WASHINGTON -- The sons of convicted spy Ethel Rosenberg returned to the White House on Thursday, more than 50 years after pleading unsuccessfully to spare her life, in a last-ditch appeal to President Obama to exonerate her amid new evidence.
Rosenberg was executed in 1953 along with her husband, Julius, after being convicted of conspiring to pass secrets about the atomic bomb to the Soviet Union. But court records made public last year through a judge’s order cast doubt on the conventional narrative of a Cold War espionage case that captivated the country.
“This is our mother we’re talking about,” Robert Meeropol, one of Rosenberg’s two sons, said as he stood outside the White House gates. “Since we can’t bring her back to life, there could be nothing more satisfying to us than to have the government acknowledge that this shouldn’t have happened, that this was wrong.”
The new documents showed that Ethel Rosenberg’s brother, whose damning trial testimony against her and her husband helped secure the couple’s conviction, had never implicated his sister in an earlier appearance before a grand jury. The brother, David Greenglass, offered the grand jury no evidence of his sister’s direct involvement and said he never discussed such matters with his sister.
As young boys, Robert and Michael Meeropol visited the White House in 1953 in a failed bid to get President Dwight Eisenhower to prevent their parents’ executions. Half a century later, the brothers approached a guard booth outside the White House and asked to deliver their letter to Mr. Obama.
They were turned away by U.S. Secret Service. “OK, well, we tried,” Michael Meeropol said as he stood in the sun, peering through the gate at the West Wing. “Thank you very much, anyway.”
No matter, the brothers said. They’ve already sent a hard copy to Obama senior adviser Valerie Jarrett, and are hoping Mr. Obama will act before leaving office. The White House declined to comment.
Both brothers argued that a national reckoning over an erroneous execution is crucial, perhaps now more than ever.
“We have gone through cycles in our history of hysteria, targeting people, over punishing, framing people. We’re in danger of that happening again,” Michael Meeropol said. “Recognizing that in the past we’ve done things we shouldn’t have done might be a cautionary tale.”
The Meeropols are not seeking a presidential pardon, saying that would suggest their mother was guilty. They instead are seeking a public exoneration, akin to a 1977 statement by then-Massachusetts Gov. Michael Dukakis on behalf of Nicola Sacco and Bartolomeo Vanzetti, Italian immigrants who were convicted in a 1920 murder. That proclamation said “any stigma and disgrace should be forever removed” from their names.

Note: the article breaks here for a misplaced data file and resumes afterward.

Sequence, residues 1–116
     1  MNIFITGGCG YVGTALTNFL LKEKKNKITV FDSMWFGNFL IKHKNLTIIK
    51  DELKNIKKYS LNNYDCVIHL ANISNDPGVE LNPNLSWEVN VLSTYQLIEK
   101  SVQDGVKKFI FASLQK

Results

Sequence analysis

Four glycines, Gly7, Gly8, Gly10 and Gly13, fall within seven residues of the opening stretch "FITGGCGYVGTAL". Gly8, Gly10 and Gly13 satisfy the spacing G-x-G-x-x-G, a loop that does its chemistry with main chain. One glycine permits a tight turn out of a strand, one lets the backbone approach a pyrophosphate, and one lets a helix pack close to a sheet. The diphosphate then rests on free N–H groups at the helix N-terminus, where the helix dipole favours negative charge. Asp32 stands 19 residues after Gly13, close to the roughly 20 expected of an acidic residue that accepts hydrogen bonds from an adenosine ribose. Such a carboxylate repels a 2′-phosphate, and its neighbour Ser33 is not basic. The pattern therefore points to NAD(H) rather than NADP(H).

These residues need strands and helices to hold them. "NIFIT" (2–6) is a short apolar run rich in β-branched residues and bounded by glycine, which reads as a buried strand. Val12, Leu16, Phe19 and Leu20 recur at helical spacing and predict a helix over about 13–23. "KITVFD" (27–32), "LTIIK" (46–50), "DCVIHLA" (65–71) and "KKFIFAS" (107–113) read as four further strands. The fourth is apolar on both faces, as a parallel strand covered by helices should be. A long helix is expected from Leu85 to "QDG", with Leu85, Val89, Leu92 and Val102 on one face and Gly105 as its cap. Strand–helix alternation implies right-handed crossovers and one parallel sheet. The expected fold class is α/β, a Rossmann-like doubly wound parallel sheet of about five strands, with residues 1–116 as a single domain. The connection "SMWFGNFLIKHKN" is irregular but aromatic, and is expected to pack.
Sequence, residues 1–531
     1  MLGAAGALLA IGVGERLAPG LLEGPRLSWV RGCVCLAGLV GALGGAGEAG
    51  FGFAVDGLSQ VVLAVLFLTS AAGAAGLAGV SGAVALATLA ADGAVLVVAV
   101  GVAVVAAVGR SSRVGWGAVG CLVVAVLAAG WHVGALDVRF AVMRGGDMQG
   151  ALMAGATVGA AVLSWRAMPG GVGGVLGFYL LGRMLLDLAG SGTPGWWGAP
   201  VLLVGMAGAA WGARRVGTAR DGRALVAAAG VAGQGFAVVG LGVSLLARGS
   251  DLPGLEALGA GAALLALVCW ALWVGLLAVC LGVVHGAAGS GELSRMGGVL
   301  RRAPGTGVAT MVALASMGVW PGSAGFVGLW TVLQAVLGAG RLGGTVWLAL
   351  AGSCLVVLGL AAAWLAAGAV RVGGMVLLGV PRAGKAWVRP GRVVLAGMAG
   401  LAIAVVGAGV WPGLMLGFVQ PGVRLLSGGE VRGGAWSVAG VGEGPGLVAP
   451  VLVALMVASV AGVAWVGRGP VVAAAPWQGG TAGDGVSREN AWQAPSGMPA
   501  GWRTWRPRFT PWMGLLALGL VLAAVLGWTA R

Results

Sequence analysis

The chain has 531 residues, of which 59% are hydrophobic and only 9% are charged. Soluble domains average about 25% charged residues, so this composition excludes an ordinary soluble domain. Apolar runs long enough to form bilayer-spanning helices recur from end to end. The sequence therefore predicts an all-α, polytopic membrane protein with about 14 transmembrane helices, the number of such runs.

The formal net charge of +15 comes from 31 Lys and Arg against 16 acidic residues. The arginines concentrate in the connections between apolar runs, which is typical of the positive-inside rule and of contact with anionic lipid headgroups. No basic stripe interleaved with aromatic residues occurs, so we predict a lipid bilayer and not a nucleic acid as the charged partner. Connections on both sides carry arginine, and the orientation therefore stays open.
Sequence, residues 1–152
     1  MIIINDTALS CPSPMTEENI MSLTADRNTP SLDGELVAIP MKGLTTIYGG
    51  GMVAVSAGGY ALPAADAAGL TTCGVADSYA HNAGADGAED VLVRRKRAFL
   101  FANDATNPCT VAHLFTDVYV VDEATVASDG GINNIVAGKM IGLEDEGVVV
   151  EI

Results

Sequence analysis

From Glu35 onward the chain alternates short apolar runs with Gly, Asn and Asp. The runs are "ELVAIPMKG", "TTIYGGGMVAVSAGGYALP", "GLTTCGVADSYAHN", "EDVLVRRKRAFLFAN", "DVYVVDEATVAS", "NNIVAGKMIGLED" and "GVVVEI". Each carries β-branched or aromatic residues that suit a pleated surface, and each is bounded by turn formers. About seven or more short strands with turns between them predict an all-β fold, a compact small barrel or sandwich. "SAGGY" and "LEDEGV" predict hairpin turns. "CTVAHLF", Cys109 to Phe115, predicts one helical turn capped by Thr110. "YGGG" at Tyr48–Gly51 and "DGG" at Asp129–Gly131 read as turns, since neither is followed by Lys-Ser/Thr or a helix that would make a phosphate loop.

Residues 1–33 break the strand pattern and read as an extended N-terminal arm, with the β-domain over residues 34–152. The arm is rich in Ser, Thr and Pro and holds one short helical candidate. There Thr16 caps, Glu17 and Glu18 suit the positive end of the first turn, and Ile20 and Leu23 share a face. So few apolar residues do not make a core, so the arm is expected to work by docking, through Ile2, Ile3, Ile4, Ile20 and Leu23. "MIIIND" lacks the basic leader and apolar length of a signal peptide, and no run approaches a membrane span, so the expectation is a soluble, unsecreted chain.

In an interview broadcast on CBS’ “60 Minutes” in October, the Meeropols told contributor Anderson Cooper that an exoneration would have personal and political meaning.
“Our mother was killed for something she did not do,” Robert Meeropol told Cooper. “She was taken away from us. That’s as personal as it can get. But, the fact that the government facilitated the invention of evidence in order to convict someone of a capital crime, that is something that should concern everybody.”
It’s not clear what action, if any, the Obama administration will take in its waning weeks. But Rosenberg’s supporters believe their prospects are dim once President-elect Donald Trump takes office, in part because Roy Cohn, once a lawyer for Mr. Trump, was a member of the Justice Department’s prosecution team against the Rosenbergs.
“The ghost of Ethel Rosenberg is going to haunt the White House once Donald Trump takes office,” Robert Meeropol said.
The Rosenbergs both maintained their innocence, though they requested only Ethel’s exoneration. The sons said that’s because they believe their father was guilty of conspiracy to commit espionage, though they argue he didn’t engage in atomic spying and shouldn’t have been executed.
Ethel Rosenberg’s supporters believe their cause was helped by the July 2015 release of Greenglass’ grand jury testimony, which a federal judge in New York unsealed in response to a request from historians and archivists following Greenglass’ death.
That 1950 testimony conflicted with statements made a year later during the couple’s trial by Greenglass, who was indicted as a co-conspirator and was himself sentenced to 10 years in prison.
Greenglass said he had given the Rosenbergs research data he had obtained while working as an Army machinist at the Los Alamos, New Mexico, headquarters of the top-secret Manhattan Project to build the atomic bomb. He said he recalled seeing his older sister transcribing handwritten notes to give to the Soviets on a portable typewriter at the Rosenbergs’ New York apartment in 1945.
But the grand jury records show no mention of that and indicate he appeared to minimize his dealings with his sister.
Greenglass told the grand jury that Julius Rosenberg was adamant that he should continue with his Army service so he could “continue giving him information,” but when asked whether his sister, Ethel, was similarly insistent, he replied, “I said before, and say it again, honestly, this is a fact: I never spoke to my sister about this at all.”
Decades after the trial, Greenglass was quoted by a New York Times journalist as having admitted to lying at trial about his sister in order to protect his wife. In a May decision that ordered the records unsealed, U.S. District Judge Alvin Hellerstein noted that Greenglass said in his new statements that it was likely his wife, Ruth Greenglass, rather than Ethel Rosenberg, who typed up the notes that were passed to the Soviets.
The brothers were adopted following their parents’ executions and changed their last name.